Cadbury Ireland is among a growing number of Irish-based companies reported to have been hit by the latest global cyber attack, writes Cormac O'Keeffe.
Cadbury owner Mondelez International confirmed it had experienced a “global IT outage” on its network and were working to restore their systems.
Other international corporations with offices here, including US pharmaceutical company MSD, global container shipping company Maersk Line, and UK advertising agency WPP, have also said their systems were affected by the attack.
In a statement yesterday, Europol said that critical infrastructure and business systems had been hit by this “new wave of ransomware”, which it said was an updated version of Petya, which emerged in 2016.
“The attack has caused infections worldwide and has not yet been stopped,” said the EU police agency.
Its executive director Rob Wainwright said: “This is another serious ransomware attack with global impact, although the number of victims is not yet known. There are clear similarities with the WannaCry attack, but also indications of a more sophisticated attack capability, intended to exploit a range of vulnerabilities.”
In a statement, Mondelez International said it was working to address the “current global IT outage across Mondelez International”.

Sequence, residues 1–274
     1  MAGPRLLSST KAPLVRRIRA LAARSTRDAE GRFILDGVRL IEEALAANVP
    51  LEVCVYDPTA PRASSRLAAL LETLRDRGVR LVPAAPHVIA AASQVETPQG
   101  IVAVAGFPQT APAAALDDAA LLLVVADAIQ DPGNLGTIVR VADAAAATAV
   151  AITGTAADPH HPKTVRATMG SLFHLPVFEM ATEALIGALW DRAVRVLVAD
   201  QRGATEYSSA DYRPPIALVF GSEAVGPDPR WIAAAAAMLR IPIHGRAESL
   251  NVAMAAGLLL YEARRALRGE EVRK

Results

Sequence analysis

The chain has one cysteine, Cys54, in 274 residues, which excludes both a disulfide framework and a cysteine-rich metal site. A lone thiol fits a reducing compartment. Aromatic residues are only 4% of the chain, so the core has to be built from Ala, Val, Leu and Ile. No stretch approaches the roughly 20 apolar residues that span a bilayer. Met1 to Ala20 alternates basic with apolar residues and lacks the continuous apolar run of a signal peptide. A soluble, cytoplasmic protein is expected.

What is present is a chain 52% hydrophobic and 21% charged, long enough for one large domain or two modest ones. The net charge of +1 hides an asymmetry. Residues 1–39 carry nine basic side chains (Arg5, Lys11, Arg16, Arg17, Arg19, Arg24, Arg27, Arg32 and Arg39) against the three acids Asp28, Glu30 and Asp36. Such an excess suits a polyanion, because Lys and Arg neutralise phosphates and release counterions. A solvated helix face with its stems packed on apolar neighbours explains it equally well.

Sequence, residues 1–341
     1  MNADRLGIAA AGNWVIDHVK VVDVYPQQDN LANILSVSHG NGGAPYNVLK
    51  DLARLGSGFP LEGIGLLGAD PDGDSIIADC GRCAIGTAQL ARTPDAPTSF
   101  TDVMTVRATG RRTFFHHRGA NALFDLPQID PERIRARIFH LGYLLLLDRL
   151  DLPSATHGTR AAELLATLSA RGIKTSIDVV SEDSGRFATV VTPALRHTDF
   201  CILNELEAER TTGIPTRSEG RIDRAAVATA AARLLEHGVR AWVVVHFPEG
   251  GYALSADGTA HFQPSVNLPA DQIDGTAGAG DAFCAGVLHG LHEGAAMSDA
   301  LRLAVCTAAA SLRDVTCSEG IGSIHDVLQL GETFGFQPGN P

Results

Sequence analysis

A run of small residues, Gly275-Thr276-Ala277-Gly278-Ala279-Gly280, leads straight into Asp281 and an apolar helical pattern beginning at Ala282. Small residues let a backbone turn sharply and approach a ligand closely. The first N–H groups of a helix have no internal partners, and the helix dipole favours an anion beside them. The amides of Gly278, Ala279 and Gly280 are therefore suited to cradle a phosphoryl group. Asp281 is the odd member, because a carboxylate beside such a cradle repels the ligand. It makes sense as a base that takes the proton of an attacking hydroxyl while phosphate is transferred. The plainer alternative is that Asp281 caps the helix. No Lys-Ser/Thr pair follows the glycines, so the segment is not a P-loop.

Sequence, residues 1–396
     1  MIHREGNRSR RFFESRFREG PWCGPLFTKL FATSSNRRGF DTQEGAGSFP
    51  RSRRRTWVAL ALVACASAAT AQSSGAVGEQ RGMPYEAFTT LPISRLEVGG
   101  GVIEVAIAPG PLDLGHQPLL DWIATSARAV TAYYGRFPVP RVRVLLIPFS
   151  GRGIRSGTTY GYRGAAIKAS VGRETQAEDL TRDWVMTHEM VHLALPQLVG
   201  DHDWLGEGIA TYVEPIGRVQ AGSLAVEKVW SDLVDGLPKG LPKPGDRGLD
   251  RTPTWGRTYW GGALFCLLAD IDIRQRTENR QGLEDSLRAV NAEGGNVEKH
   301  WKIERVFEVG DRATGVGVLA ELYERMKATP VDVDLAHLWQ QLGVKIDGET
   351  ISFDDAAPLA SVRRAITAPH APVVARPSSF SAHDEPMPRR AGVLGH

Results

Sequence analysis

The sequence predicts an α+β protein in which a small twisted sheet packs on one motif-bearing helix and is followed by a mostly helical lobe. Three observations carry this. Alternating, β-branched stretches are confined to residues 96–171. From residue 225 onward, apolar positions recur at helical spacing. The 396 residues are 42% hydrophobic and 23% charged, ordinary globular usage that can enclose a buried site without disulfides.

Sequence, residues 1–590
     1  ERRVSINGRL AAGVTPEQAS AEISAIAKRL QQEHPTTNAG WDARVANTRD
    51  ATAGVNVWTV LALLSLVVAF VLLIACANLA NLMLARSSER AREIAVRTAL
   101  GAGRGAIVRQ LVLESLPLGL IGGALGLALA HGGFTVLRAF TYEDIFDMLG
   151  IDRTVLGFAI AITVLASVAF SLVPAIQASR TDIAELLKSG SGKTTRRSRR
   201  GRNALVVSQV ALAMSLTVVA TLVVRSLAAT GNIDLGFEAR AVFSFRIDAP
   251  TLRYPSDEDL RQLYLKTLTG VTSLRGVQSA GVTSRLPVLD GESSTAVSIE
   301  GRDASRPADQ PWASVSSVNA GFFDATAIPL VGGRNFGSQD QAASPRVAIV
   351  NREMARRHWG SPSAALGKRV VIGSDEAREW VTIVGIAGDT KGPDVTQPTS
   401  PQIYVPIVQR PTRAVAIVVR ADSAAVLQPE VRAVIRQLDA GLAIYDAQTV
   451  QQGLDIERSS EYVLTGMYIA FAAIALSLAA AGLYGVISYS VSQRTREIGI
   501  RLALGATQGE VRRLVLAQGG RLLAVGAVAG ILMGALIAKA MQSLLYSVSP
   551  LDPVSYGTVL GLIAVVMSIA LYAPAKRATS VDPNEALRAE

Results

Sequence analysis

It said teams were working offline to “maintain business continuity” but was unable to say when its system would be restored.
Government officials reported major disruption to the power grid, banks and government offices in Ukraine, where news of the attack first emerged on Tuesday.
The latest virus comes weeks after ransomware, the name given to programmes that hold data hostage by scrambling it until a payment is made, downed systems across the globe, including the NHS in the UK.
More than 200,000 victims in around 150 countries were infected by the WannaCry or Wanna Decryptor ransomware, which originated in the UK and Spain last month, before spreading globally.
WPP, the world’s biggest advertising business, which runs PR and marketing divisions in Dublin, confirmed it had been hit, while DLA Piper has taken its email system down as a preventive measure.
Russia’s Rosneft energy company also reported being hit, as did shipping company Moller-Maersk, which said every branch of its business was affected.
Ukrainian deputy prime minister Pavlo Rozenko posted a picture of a darkened computer screen on Twitter, saying the computer system at the government’s headquarters had been shut down.
In reference to the attack, the State Agency of Ukraine on Exclusion Zone Management said Chernobyl’s radiation monitoring system has been switched to manual and is operating normally.
An email address posted at the bottom of ransom demands was blocked by Berlin-based host Posteo, which said it had contacted German authorities after realising the account was associated with the malware.
The ransomware is known as GoldenEye, according to Bogdan Botezatu, an e-threat analyst at Bitdefender. Victims of the malware are asked to pay a ($300) €265 ransom after their hard drive is encrypted, crashing their computer. Mr Botezatu said that the malware operators received 27 payments totalling almost €6,150 in digital currency in around five hours.
Europol advised businesses affected not to pay any ransom, to report the matter to police and to disconnect the infected device from the internet.
This story first appeared in theIrish Examiner